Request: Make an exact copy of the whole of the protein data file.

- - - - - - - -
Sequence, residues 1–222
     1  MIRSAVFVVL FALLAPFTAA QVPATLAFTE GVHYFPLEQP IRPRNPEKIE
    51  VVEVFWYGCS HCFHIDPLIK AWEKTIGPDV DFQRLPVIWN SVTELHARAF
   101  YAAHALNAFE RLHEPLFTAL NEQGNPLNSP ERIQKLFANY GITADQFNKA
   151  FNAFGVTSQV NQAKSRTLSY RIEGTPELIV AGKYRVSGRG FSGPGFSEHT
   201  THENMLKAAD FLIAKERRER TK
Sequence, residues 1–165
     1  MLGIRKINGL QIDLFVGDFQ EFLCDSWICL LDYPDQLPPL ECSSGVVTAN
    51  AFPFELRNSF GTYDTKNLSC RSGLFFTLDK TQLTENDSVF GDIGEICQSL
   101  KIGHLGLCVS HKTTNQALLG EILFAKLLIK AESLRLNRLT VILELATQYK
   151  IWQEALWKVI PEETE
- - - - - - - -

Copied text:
Sequence, residues 1–222
     1  MIRSAVFVVL FALLAPFTAA QVPATLAFTE GVHYFPLEQP IRPRNPEKIE
    51  VVEVFWYGCS HCFHIDPLIK AWEKTIGPDV DFQRLPVIWN SVTELHARAF
   101  YAAHALNAFE RLHEPLFTAL NEQGNPLNSP ERIQKLFANY GITADQFNKA
   151  FNAFGVTSQV NQAKSRTLSY RIEGTPELIV AGKYRVSGRG FSGPGFSEHT
   201  THENMLKAAD FLIAKERRER TK
Sequence, residues 1–165
     1  MLGIRKINGL QIDLFVGDFQ EFLCDSWICL LDYPDQLPPL ECSSGVVTAN
    51  AFPFELRNSF GTYDTKNLSC RSGLFFTLDK TQLTENDSVF GDIGEICQSL
   101  KIGHLGLCVS HKTTNQALLG EILFAKLLIK AESLRLNRLT VILELATQYK
   151  IWQEALWKVI PEETE